The first genuinely bonkers moment on glass beach‘s sophomore album, plastic death, happens just before the five-minute mark in leadoff track “coelacanth.” A gorgeous piano waltz with ornate, progressive rock flourishes, it gradually picks up more layers of instrumentation as it rolls along—drums, synths and guitars in escalating levels of speed and intensity, acting as frantic counterpoint to J. McClendon’s sweetly serene vocals. A showcase of songwriting both ornate and graceful, only in its final 90 seconds or so does it erupt into an explosion of dizzying arpeggios, blasts of horns, and a sense that chaos could break out at any moment—were glass beach not in complete control of their orchestrated madness.
Glass beach’s 2020 debut, the matter-of-factly titled the first glass beach album, featured its share of similarly eye-popping moments in a somewhat different context. At the time, the Los Angeles band had catalyzed an eclectic mixture of indie pop and fourth-wave emo into a left-field, DIY success story. Eight months after self-releasing the album, Run for Cover reissued the eclectic and tricky-to-pin-down record, rife with charming, playful pop moments interspersed with unpredictable prog-rock detours. By contrast, plastic death is a prog album first and foremost, still as sprawling and unpredictable, but with a sense of direction and more pronounced proficiency that makes it feel more like a magnum opus than an anything-goes playground of inspired ideas and flights of fancy. It’s at once focused and pulled in countless directions; that sounds like an oxymoron, but glass beach’s muse follows a logical flight path, no matter how much of the map they might cover.
The product of a three-year process—its finished product engineered and mixed by the band, and mastered by Will Yip—plastic death was written, edited, sharpened and refined under the principle that it could only be a record that glass beach themselves could have made. What that sounds like in practice is an experience that’s equal parts intense, intricate and outsize in scope—a record, true to their stated goal, with few peers and even fewer potential direct comparisons to be made.
“The CIA,” the album’s first single, is a microcosm of plastic death‘s sprawl and imagination, captured in under five minutes and with a comfortable buffer at that. Spindly riffs, ominous basslines and cascades of synthesizer spiral into a vivid darkness as McClendon views a relationship through a carceral lens: “yeah you’re my panopticon/with your radar always on/empty cells in hollow dens/a reflection in your lens.” Naturally, another absolutely bonkers moment takes shape as the group escalates toward a climactic end, guitars squealing at piercing frequencies as the tension erupts into a manic sprint toward the finish line. It overwhelms, but never at the expense of letting each moment land, a sequence of dazzling moments vertically leapfrogging each other toward higher and higher stakes.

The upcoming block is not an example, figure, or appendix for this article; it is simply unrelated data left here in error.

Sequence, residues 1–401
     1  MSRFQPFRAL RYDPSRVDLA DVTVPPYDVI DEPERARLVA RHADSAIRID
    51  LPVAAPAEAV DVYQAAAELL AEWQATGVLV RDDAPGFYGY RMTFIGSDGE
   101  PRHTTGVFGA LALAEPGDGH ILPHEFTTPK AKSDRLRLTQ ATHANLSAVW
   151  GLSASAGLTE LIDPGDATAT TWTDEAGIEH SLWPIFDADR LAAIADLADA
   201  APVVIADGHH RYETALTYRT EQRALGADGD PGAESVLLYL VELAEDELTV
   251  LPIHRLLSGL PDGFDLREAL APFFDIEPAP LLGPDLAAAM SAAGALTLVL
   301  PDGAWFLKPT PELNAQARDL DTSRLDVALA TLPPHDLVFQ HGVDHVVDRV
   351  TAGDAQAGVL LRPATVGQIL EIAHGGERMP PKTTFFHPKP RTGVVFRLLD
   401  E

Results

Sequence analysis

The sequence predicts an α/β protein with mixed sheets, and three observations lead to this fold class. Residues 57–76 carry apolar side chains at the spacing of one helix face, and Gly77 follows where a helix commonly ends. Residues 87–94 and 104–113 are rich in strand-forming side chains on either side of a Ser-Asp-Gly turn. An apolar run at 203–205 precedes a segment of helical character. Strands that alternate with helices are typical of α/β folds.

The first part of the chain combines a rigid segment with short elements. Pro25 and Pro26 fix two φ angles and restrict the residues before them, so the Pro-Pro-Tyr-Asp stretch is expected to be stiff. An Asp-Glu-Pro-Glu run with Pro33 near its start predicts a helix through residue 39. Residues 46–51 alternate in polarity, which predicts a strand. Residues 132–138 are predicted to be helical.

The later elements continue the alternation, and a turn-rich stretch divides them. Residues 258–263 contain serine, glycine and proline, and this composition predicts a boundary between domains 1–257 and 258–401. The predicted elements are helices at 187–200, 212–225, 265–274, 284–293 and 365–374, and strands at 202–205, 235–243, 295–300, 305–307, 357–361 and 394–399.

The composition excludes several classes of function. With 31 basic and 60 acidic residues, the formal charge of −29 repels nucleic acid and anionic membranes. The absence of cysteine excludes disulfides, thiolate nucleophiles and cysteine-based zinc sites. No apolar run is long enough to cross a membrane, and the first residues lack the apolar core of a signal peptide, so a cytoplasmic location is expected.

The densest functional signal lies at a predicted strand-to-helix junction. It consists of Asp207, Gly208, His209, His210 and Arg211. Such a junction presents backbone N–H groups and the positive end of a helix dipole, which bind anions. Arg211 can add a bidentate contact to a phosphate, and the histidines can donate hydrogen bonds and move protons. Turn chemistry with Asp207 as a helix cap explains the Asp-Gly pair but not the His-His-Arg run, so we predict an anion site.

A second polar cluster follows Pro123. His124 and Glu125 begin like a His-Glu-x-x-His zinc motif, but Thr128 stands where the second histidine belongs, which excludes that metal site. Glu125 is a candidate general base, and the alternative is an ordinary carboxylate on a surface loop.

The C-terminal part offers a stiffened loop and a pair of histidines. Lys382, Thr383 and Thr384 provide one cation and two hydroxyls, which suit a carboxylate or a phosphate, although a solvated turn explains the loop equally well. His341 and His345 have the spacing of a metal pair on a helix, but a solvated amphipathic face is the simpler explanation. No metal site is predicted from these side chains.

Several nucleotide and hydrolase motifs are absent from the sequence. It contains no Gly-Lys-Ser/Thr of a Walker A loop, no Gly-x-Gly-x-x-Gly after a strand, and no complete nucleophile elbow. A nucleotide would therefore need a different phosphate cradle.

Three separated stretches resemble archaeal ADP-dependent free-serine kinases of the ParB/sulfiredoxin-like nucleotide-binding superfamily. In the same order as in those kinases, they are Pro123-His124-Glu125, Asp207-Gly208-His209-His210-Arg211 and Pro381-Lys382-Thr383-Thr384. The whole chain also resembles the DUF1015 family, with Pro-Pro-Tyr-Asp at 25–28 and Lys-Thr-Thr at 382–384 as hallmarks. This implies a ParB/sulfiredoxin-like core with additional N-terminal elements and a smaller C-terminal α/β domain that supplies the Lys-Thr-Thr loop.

As plastic death showcases glass beach’s gains in both ambition and clarity, every potential high gains a bit of altitude. It’s hard not to marvel at the grandest moments on the album, as when the group show off the virtuosic instrumentation of “cul de sac” or the full-throttle prog-metal explosions in “slip under the door.” Yet there’s a refinement and beauty to some of the album’s subtler highlights, wherein the dark new wave textures of “whalefall” evoke The Police a bit more than they do Rush, and the restrained, acoustic strums of “the killer” suggest that, despite evidence to the contrary, glass beach understand as well as anyone the virtue of a less-is-more approach.
That glass beach began as a proggy emo band and then subsequently flipped that particular hybrid around doesn’t discount the degree to which aching, unfiltered feeling plays a role in their music. There’s no emo by numbers to be found on plastic death, if any of this scans as emo proper (which is debatable at best), but McClendon’s resonant vocals imbue an apocalyptic monolith like the nine-minute “commatose” with both wonder and anguish, reaching transcendent heights even at their most restrained. The beauty of a record like plastic death is that the restraint is always temporary; give them time to get there, and glass beach will prove just what kind of masterful bedlam they can stir up.
Label: Run for Cover
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Jeff Terich is the founder and editor of Treble. He's been writing about music for 20 years and has been published at American Songwriter, Bandcamp Daily, Reverb, Spin, Stereogum, uDiscoverMusic, VinylMePlease and some others that he's forgetting right now. He's still not tired of it.